Once the number-crunching algorithms have come up with an answer, the Impactors can set out to reduce this cost to the state, which will allow them to claim a return from their investment.
But how can they track all this? How can anyone know how the child is advancing, what kind of social relationships she is enjoying, what she is eating and how her body is doing?
Total surveillance is required and total surveillance means the internet, powered by 5G or 6G. If the infant is constantly plugged into the matrix, interacting with artificial intelligence, diligently entering data about herself into the machine, then the Impactors have the evidence they need of how she is advancing. Or not.
If she is out playing with her friends in the park, or sitting dreamily in her bedroom surrounded by dolls and picture books, she is off-grid and providing no data. She is a waste of space and time. An unprofitable investment.
The Impactors want to push this further and further to get more and more profit. They want sensors in our bodies, in our minds even, to hoover up every conceivable piece of data about us.
They want to be able to create a digital twin of each and every one of us, a fake version of us reduced to the dead binary code which is the empty foundation of their life-hating cult of exploitation and accumulation.
And because they see us as their possessions, their slaves, they think they have the right to control us and cage us so that they can exploit us to the maximum.
They want to herd us into smart cities, strap us with wearable technology, monitor and control our every movement and interaction.
The Impactors’ twisted vision is of a world of geofencing and e-carceration, of facial recognition and predictive policing, of biometric data and sensor networks, of behavioural insights and eugenics, of nudging and shaping, of the internet of things and the internet of bodies.
These twisted elite psychopaths want us coded, counted and controlled, regarded as digital assets on a blockchain ledger, deprived of our natural health and dependent on constant updates from the Big Pharma machine.
They want us locked down permanently in a global police state, a digitalised new world order dressed up as some kind of progressive paradise.
We will be nothing but virtual livestock, forced by poverty and powerlessness to submit to their workforce pathways, their retraining and lifelong learning, racing to the bottom of the slavery-slope of a globally-outsourced remote-labour marketplace.
Complication Number Two is a useful spin-off from Complication Number One – useful, that is, from the perspective of the Evil Impire itself!
Impactor “success” is only measured by data on a dashboard. It does not necessarily have anything to do with real life, but is merely a pseudo-success resulting from the narrow criteria which have been set up to measure “outcome”.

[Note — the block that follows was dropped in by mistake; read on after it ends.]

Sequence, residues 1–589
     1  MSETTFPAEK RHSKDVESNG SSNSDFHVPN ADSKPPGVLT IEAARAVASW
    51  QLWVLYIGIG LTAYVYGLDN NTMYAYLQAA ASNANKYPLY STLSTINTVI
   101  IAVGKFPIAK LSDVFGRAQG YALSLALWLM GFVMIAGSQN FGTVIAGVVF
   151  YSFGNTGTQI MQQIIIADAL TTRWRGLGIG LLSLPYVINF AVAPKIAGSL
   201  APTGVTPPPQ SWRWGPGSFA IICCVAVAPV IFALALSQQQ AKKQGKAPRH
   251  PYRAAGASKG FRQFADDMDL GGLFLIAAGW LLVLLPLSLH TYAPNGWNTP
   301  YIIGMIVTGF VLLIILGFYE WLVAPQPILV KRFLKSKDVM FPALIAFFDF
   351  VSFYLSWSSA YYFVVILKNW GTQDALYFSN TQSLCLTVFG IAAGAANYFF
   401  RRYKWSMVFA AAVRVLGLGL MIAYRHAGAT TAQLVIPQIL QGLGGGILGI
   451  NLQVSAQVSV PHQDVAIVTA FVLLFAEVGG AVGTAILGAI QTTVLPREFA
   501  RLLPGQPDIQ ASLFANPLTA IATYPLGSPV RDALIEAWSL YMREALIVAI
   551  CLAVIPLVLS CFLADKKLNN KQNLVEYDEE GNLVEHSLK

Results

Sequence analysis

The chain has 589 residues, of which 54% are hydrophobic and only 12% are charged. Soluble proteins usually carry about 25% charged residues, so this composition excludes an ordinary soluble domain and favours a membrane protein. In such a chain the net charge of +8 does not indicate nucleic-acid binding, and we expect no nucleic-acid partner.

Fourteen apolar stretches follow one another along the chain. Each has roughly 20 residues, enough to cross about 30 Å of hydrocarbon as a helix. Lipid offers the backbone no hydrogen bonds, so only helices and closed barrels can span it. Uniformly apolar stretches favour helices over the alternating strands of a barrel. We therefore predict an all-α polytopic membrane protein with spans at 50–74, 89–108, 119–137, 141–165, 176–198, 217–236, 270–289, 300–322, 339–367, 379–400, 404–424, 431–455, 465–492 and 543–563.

The “solutions” that fake green businesses have long been trying to sell us for climate change are no solutions at all. They are products disguised as solutions.
The business sharks peddling these “solutions” simply don’t care that they will only make things worse by unleashing a new spiral of industrialism, extraction, expansion and thus destruction.
They don’t care because they can see no further than their immediate pecuniary self-interest. They don’t care because they have none of the higher values that make us truly human, only a low and narrow craving for more and more wealth and power.
The same is true of the “solutions” proposed on the social level by the Impact-vultures. A green tick on a screen is not a problem solved. A few digital hurdles apparently overcome does not mean that the person-product’s life has been improved in any meaningful way.
The underlying problems not only remain, but deepen in severity. Elites getting richer off the impact scam will mean everyone else getting poorer. Wellbeing and mental health are not going to be improved by forcing people into a digital panopticon.
Impact “social philanthropy” is a business based on a new economic model. A deceptive business that does not really want to eliminate poverty and misery but to mine them endlessly.
It has a vested interest in the continuation of a wide range of problems for which it can sell its “solutions”, which in reality are just sleights of hands, deceptive devices designed to make money from a lucrative global market of managed poverty and surveillance.
Broken people and broken lives spell endless profits for the impact parasites.
Complication Number Three is that the money made from these deals by the Impactors is only the tip of the iceberg.
The vampires’ really big money will come from speculating on the financial products they have created from our lives.
As dispossessed people become increasingly dependent on the state, the Impactors will take advantage of this to pitch each of us as a debt product, creating securitised markets in privatised welfare.
These massive new equity markets for hedge funds will see your personal circumstances packaged and traded as liquid assets like bundles of mortgages, with some financial vultures gambling on you achieving your outcomes and others against.
These markets have to be real-time so that the global investors can bet on them and that means your life has to be led online. If you are offline you are not providing data for their gambling game and they cannot make money from you.
Stay at home! Stay online! Save capitalism!
In order to make money from this new speculative game, in which you and I, our children and our grandchildren, are the counters, the Impactors have first got to set it up.
The rules of the game have been set out by the United Nations Sustainable Development Goals, whose apparent worthiness is just another layer of deceit in the Impactors’ phoney world.